Often described as a feast for the eyes, Pushkar Fair is among India’s famous religious festivals and livestock fairs. Featured in numerous travel shows, films and magazines, the Pushkar Fair offers a once in a lifetime magical experience for travelers – looking for out of the world experience.The Pushkar Fair is celebrated for five days from the Karthik Ekadashi to Karthik Poornima (full moon day) according to the Hindu calendar, about 10 days after Diwali.

Every year thousands of pilgrims congregate for a holy bath in Mathura to mark Kartik and other celebrations, after these celebrations cleaning the ghats is a major task for municipality. There is always a support  from the civilian volunteers and organizations to help municipality in cleaning. Every year the challenge is clearing the dead fish from the lake. This is become a routine story here in Pushkar lake every year, I’ve been told that 50,000 fishes died last year after the festival, said a priest at the ghat. This is due to the lighting ghee and oil lamps (diyas) inside the pond by pilgrims. They never listen to public notices._AA76282full moon apears on a Poornima,  Pushkar. Rajasthan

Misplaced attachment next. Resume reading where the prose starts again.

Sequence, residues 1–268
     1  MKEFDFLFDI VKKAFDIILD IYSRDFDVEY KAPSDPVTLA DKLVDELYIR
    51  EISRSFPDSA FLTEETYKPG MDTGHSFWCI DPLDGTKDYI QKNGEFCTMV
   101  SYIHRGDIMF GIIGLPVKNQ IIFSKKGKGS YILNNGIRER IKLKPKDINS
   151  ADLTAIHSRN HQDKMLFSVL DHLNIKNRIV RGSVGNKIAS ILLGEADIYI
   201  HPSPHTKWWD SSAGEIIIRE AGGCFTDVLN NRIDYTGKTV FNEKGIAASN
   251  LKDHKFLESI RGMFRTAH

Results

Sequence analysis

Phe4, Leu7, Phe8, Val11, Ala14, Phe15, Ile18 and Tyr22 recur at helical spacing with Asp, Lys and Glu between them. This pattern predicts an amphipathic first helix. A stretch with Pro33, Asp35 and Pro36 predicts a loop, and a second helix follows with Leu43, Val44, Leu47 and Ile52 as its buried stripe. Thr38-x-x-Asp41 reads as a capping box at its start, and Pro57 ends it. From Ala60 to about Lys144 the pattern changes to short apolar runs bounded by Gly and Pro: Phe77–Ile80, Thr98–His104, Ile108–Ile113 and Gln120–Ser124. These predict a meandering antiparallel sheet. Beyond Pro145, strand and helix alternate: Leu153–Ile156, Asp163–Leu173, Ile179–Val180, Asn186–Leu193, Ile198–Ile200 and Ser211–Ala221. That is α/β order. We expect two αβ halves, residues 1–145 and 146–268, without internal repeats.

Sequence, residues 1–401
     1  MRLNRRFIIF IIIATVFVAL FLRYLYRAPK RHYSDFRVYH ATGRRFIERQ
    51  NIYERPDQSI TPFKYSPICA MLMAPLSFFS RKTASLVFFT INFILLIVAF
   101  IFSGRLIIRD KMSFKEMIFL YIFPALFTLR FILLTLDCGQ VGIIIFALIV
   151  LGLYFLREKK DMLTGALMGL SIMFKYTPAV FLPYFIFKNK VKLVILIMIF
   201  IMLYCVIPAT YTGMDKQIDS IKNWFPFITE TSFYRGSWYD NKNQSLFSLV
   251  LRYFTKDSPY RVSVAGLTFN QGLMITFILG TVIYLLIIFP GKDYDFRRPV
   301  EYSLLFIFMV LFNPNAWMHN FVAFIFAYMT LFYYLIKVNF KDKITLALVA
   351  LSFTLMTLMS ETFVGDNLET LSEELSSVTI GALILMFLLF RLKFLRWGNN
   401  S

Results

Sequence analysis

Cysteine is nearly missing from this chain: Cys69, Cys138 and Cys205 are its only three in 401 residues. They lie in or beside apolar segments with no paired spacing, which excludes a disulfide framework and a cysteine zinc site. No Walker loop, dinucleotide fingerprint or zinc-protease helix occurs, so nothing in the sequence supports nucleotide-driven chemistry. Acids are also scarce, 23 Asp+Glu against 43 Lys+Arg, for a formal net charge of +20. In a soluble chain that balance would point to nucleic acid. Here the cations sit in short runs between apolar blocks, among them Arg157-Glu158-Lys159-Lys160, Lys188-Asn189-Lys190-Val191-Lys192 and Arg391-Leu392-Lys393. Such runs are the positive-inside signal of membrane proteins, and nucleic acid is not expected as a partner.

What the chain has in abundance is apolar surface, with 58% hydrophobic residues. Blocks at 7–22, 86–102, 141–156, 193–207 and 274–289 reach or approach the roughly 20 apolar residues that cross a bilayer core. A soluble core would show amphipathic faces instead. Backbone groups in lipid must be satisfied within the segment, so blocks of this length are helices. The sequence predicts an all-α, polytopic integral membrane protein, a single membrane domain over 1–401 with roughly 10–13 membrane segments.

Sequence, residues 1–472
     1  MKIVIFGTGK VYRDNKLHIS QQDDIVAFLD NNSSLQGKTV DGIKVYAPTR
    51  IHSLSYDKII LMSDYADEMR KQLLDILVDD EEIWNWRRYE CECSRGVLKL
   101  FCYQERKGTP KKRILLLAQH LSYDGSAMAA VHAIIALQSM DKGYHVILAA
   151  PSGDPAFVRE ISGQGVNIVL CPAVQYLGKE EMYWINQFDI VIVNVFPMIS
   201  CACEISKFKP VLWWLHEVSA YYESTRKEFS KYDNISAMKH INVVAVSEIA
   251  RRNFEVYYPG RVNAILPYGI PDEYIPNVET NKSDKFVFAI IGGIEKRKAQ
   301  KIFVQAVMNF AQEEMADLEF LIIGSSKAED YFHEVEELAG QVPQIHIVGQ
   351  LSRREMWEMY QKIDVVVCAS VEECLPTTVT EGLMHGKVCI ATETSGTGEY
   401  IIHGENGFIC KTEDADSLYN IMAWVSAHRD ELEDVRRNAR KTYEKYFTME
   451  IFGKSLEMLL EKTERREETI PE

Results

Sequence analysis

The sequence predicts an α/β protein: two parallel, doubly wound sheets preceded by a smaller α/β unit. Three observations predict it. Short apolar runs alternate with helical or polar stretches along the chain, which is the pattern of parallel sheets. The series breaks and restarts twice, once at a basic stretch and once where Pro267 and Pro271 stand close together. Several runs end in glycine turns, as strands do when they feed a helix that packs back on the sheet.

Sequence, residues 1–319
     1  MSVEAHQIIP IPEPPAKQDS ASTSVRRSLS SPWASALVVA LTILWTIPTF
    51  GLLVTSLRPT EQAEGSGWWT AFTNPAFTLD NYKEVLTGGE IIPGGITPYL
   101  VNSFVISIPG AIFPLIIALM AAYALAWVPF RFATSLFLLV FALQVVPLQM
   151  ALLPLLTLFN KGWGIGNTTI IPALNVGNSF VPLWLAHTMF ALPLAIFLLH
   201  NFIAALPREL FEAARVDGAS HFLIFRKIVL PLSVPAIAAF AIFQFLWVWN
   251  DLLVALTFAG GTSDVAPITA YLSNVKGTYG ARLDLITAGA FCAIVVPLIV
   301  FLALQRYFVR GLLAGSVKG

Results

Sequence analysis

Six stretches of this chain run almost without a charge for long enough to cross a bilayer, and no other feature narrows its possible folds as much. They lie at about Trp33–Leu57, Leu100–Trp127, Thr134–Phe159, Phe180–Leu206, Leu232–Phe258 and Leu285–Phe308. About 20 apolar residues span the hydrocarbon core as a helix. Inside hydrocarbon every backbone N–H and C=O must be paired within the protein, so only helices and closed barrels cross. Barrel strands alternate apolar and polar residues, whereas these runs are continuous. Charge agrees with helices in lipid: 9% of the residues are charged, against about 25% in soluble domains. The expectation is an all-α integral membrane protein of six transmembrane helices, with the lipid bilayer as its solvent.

_AA76315cleaning the ghats by ‘civil defense’ volunteers in Pushkar. Rajasthan


_AA76318 clearing dead fish from the lake, Pushkar, Rajasthan

3 thoughts on “ dead fish floating after Poornima celebrations ”

  1. I think it’s important to honour old traditions like the Pushkar Fair, but at the same time finding ways to not harm the environment. But I am not one to judge. Generally I enjoy festivals, not the least as a photographer.

  2. The problem is trying for force Indians to change their millennia old tradition. The solution is to allow them to continue it but to change the lamps to something else that is less toxic but which still covers the needs of the pilgrims. Vegetable oil or coconut oil lamps might work without the fish fallout..

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